Artist Amy Herzel is pictured posing with one of her newest works, Sacré Merde: Ode to the Bung Beetle, in her home studio.
Photo by Aila Boyd

By Aila Boyd

Editor’s note: This article is the first in a series of articles that will feature all 14 artists that will be participating in the 2019 Open Studios-Botetourt tour on October 26 and 27. Each week leading up to the two-day event, The Herald will feature one artist – highlighting their passion for their chosen artform.

Amy Herzel, a Blue Ridge-based artist, has always liked drawing and crafting. However, her path to becoming an artist wasn’t exactly linear.

When she was young, she enjoyed fashion so much that she sewed her own clothes and even considered pursuing fashion design. Then college rolled around and she decided to pursue an English degree. While pursuing that degree, she took the occasional fine arts class on the side.

After graduating in the early 1990s, she took a job as a secretary due to the fact that the job market was tight. She quickly found that office work wasn’t for her, which led her to a job at the University of Pennsylvania, where she took art classes from a teacher she described as being “really supportive.”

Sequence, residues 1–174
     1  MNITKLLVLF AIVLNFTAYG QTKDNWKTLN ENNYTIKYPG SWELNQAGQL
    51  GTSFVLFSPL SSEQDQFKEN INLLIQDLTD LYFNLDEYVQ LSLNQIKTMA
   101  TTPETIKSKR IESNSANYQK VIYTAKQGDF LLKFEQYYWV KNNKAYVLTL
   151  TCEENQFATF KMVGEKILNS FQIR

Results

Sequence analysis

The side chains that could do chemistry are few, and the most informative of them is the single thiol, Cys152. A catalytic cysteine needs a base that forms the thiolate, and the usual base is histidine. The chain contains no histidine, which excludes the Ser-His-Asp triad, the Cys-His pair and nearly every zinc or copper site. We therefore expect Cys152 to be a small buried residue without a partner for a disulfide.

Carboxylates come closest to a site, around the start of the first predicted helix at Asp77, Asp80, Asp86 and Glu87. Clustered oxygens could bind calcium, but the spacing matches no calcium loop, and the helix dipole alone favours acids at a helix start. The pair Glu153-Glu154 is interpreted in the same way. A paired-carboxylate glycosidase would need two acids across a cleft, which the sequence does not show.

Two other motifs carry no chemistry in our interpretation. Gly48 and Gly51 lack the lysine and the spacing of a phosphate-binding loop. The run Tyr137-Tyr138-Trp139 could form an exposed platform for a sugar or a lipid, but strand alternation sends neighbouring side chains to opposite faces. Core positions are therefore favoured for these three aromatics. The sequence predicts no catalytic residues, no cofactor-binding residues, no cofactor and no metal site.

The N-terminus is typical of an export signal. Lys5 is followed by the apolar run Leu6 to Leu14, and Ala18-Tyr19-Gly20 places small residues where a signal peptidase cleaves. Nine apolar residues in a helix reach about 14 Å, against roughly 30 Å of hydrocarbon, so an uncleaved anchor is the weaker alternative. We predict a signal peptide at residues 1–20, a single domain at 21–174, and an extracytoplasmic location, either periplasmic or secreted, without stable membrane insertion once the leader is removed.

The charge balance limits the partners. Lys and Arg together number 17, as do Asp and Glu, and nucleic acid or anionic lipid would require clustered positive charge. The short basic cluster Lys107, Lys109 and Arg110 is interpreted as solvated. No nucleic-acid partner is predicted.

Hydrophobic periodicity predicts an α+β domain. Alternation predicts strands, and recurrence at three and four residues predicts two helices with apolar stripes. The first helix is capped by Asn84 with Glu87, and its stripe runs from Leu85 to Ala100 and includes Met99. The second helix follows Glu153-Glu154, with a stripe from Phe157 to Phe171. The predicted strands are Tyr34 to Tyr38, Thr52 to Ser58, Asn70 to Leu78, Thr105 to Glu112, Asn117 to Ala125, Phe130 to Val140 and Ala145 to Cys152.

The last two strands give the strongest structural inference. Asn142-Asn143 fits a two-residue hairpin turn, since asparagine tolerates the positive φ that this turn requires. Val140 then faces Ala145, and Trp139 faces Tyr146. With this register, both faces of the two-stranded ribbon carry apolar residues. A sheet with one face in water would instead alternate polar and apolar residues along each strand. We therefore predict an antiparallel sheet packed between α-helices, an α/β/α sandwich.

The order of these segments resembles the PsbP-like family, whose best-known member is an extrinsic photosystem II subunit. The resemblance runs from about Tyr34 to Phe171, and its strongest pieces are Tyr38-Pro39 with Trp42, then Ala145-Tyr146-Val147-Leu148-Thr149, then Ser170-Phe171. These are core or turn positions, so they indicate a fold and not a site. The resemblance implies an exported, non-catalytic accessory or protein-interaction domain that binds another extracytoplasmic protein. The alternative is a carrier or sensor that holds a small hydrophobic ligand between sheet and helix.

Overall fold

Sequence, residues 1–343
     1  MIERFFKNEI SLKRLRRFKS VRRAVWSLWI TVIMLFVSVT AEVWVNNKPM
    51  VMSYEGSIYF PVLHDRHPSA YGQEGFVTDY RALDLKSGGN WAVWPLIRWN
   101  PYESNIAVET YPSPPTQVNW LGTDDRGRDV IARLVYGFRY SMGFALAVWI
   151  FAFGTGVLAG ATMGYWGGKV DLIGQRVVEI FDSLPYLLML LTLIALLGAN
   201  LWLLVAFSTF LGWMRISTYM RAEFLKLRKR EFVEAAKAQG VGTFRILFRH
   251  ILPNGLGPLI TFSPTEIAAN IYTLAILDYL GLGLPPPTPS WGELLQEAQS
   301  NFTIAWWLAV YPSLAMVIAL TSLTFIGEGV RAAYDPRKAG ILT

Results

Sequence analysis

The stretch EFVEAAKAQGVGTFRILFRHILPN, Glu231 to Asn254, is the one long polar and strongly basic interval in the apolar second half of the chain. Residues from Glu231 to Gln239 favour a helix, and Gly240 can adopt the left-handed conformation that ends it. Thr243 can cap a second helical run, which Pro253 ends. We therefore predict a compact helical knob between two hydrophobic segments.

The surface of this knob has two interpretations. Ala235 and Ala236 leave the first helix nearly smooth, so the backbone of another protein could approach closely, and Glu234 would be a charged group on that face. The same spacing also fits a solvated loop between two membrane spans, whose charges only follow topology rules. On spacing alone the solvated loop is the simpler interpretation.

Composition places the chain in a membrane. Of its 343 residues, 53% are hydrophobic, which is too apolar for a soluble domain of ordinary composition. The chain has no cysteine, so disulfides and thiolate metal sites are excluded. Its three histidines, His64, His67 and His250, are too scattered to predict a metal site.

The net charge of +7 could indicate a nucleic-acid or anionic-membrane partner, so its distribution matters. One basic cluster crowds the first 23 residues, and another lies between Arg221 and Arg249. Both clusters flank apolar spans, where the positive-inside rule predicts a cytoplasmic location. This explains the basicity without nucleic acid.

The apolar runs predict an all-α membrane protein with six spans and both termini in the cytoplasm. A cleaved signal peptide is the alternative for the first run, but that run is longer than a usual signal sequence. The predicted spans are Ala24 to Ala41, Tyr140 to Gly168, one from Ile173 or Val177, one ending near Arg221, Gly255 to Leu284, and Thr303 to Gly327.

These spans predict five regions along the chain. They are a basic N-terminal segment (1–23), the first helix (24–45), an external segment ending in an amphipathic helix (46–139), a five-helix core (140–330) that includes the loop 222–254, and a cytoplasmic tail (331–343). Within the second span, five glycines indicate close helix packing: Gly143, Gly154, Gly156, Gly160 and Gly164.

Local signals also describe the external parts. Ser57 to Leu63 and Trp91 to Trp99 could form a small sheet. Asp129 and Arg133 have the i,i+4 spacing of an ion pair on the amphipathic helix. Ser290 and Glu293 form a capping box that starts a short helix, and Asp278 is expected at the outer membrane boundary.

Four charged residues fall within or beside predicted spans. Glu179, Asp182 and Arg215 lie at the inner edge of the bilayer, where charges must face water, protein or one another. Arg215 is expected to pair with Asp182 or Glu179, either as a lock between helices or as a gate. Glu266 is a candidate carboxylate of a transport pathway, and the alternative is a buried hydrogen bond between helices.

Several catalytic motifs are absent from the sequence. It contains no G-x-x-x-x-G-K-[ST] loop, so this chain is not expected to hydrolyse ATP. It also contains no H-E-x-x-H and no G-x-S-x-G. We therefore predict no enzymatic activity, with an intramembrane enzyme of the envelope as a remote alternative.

She later applied, and was accepted, to the Pennsylvania Academy of Fine Arts for painting and printmaking. After graduating, she started a Master of Fine Arts program, but later transferred into the Master of Education program at the Tyler School of Art due to a lack of funding. “That was great because I was able to pay for it as I went with financial aid and going part-time,” she said.

Upon graduating, she accepted a teaching position.

She relocated to Botetourt County from Texas roughly six years ago due to her husband’s work as a forensic scientist. Originally from New York, she said that she considers Philadelphia, Pa. home because she lived there for 20 years.

Her work has been exhibited in Texas, Virginia, Tennessee, North Carolina, California, Oho, and Pennsylvania.

She currently teaches English-language learners within the Roanoke County Public Schools system. Upon moving to the Roanoke Valley, she said, she found that there weren’t many art teaching positions, so she decided to put her English degree to good use. “It was always something I thought I’d do because English was my first love,” Herzel said of her decision to teach English.

She describes her work as being “abstract, meditative mixed media drawings.” She explained that her work began with small meditative drawings when she was a new mother because the relatively small scale was all that she could manage at the time. “I just wanted something that I could sit with in my lap and meditate on once they were in bed,” she said, comparing it to the needlework that women used to busy themselves with.

“Those drawings evolved into a series. Each one usually revealed some sort of worry or stress or something that was on my mind that wanted to work its way out subconsciously,” she explained. “Each drawing is a story about an experience or something that I struggled with as a new mother, as a wife.”